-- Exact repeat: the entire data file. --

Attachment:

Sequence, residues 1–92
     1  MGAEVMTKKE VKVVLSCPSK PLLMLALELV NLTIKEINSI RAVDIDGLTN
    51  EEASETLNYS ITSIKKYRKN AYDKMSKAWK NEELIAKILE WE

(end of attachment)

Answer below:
Sequence, residues 1–92
     1  MGAEVMTKKE VKVVLSCPSK PLLMLALELV NLTIKEINSI RAVDIDGLTN
    51  EEASETLNYS ITSIKKYRKN AYDKMSKAWK NEELIAKILE WE